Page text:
The following year, the War of the Quadruple Alliance pitted Spain against France, which immediately moved to take over Spanish interests in North America.[39] In June 1719, 7 Frenchmen from Natchitoches took control of the mission San Miguel de los Adaes from its sole defender, who did not know that the countries were at war. The French soldiers explained that 100 additional soldiers were coming, and the Spanish colonists, missionaries, and remaining soldiers fled to San Antonio.[40]

The new governor of Coahuila and Texas, the Marquis de San Miguel de Aguayo, drove the French from Los Adaes without firing a shot. He then ordered the building of a new Spanish fort Nuestra Señora del Pilar de Los Adaes, located near present-day Robeline, Louisiana, only 12 mi (19 km) from Natchitoches. The new fort became the first capital of Texas, and was guarded by 6 cannons and 100 soldiers.[41] The six East Texas missions were reopened,[42] and an additional mission and presidio were established at Matagorda Bay on the former site of Fort Saint Louis.[43][44]

Difficulties with the Native Americans[edit]

In the late 1720s, the viceroy of New Spain closed the presidio in East Texas and reduced the size of the garrisons at the remaining presidios,[45] leaving only 144 soldiers in the entire province. With no soldiers to protect them, the East Texas missions relocated to San Antonio.[46]

Spanish missions within the boundaries of what is now the state of Texas.

Although the missionaries had been unable to convert the Hasinai tribe of East Texas, they did become friendly with the natives. The Hasinai were bitter enemies of the Lipan Apache, who transferred their enmity to Spain and began raiding San Antonio and other Spanish areas.[47][48] A temporary peace was finally negotiated with the Apache in 1749,[49] and at the request of the Indians a mission was established along the San Saba River northwest of San Antonio.[50] The Apaches shunned the mission, but the fact that Spaniards now appeared to be friends of the Apache angered the Apache enemies, primarily the Comanche, Tonkawa, and Hasinai tribes, who promptly destroyed the mission.[51]

In 1762, France finally relinquished their claim to Texas by ceding all of Louisiana west of the Mississippi River to Spain as part of the treaty to end the Seven Years' War.[52] Spain saw no need to continue to maintain settlements near French outposts and ordered the closure of Los Adaes, making San Antonio the new provincial capital.[53] The residents of Los Adaes were relocated in 1773. After several attempts to settle in other parts of the province, the residents returned to East Texas without authorization and founded Nacogdoches.[54]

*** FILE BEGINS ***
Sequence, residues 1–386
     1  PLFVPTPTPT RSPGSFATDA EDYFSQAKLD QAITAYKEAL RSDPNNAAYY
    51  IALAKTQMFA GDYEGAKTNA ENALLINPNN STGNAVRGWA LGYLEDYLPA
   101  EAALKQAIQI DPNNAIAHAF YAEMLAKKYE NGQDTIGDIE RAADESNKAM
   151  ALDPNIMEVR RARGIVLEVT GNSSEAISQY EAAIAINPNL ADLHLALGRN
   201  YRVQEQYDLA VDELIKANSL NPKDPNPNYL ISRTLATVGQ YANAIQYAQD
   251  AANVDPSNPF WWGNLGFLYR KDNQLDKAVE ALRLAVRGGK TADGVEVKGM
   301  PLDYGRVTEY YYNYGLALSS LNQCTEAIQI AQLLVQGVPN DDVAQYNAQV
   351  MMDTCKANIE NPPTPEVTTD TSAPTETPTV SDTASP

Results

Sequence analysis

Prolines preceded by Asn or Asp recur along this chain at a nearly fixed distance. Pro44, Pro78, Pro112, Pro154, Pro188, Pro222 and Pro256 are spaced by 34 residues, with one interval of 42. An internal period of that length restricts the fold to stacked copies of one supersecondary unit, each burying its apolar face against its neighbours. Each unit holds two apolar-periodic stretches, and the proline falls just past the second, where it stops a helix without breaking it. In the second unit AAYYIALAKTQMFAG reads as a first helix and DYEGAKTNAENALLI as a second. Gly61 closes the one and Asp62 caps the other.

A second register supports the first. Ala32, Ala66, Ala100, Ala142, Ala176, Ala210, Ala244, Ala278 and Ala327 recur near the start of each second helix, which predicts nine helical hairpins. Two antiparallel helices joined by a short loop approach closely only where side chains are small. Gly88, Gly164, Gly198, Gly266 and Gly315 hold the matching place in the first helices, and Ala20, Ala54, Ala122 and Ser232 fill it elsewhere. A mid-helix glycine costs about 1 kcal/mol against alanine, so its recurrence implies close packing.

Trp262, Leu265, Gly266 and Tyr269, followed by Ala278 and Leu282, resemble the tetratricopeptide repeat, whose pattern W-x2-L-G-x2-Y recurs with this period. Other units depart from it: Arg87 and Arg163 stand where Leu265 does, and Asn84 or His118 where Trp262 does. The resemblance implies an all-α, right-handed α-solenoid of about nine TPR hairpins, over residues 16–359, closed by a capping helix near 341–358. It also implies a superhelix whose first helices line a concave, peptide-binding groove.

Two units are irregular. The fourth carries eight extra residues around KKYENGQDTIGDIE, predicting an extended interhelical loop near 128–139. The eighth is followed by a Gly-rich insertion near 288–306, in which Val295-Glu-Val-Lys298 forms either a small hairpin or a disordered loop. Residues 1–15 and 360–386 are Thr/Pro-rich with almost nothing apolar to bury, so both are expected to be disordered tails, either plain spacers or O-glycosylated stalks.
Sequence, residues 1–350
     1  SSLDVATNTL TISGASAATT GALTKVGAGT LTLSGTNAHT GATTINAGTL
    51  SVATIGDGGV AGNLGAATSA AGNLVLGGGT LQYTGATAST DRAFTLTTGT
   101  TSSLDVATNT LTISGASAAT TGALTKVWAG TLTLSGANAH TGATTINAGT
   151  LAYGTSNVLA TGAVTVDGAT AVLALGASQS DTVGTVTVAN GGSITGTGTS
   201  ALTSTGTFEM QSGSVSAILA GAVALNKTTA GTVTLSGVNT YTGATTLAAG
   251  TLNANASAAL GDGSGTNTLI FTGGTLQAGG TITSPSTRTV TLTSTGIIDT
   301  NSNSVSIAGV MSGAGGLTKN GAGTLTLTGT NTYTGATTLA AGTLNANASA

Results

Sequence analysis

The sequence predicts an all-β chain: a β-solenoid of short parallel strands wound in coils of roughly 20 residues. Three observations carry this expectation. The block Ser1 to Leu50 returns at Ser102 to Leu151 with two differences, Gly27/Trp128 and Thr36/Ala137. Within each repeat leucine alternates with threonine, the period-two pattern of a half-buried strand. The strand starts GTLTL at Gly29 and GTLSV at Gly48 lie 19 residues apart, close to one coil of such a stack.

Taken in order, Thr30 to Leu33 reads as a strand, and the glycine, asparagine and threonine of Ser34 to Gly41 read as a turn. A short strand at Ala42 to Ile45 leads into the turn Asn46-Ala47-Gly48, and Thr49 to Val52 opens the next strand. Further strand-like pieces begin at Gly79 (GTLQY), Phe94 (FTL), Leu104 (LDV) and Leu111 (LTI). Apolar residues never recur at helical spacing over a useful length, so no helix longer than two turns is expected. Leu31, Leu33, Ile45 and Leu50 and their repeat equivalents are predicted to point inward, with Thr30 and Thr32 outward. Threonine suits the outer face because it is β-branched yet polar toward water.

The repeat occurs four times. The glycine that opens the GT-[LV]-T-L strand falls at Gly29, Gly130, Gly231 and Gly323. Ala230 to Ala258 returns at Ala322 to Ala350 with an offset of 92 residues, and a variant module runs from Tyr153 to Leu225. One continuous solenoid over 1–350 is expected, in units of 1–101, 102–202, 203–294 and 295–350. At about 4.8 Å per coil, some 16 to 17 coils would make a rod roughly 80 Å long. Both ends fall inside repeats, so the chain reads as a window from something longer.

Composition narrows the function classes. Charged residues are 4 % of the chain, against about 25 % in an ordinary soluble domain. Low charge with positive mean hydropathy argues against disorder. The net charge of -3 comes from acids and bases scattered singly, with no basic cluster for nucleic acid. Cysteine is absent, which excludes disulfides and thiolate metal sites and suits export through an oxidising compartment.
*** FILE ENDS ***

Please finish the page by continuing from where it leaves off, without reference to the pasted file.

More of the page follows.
The Comanche agreed to a peace treaty in 1785.[55] The Comanches were willing to fight the enemies of their new friends, and soon attacked the Karankawa. Over the next several years the Comanches killed many of the Karankawa in the area and drove the others into Mexico.[56]

In January 1790, the Comanche also helped the Spanish fight a large battle against the Mescalero and Lipan Apaches at Soledad Creek west of San Antonio. The Apaches were resoundingly defeated and the majority of the raids stopped.[57] By the end of the 18th century only a small number of the remaining hunting and gathering tribes within Texas had not been Christianized. In 1793, mission San Antonio de Valero was secularized, and the following year the four remaining missions at San Antonio were partially secularized.[58]

Encroachment[edit]

In 1799, Spain gave Louisiana back to France in exchange for the promise of a throne in central Italy. Although the agreement was signed on October 1, 1800, it did not go into effect until 1802. The following year, Napoleon sold Louisiana to the United States. The original agreement between Spain and France had not explicitly specified the borders of Louisiana, and the descriptions in the documents were ambiguous and contradictory.[59] The United States insisted that its purchase also included most of West Florida and all of Texas.[59]

Thomas Jefferson claimed that Louisiana stretched west to the Rocky Mountains and included the entire watershed of the Mississippi and Missouri Rivers and their tributaries, and that the southern border was the Rio Grande. Spain maintained that Louisiana extended only as far as Natchitoches, and that it did not include the Illinois Territory.[60] Texas was again considered a buffer province, this time between New Spain and the United States.[61] The disagreement would continue until the signing of the 1819 Adams–Onís Treaty, at which point Spain gave Florida to the United States in return for undisputed control of Texas.[62]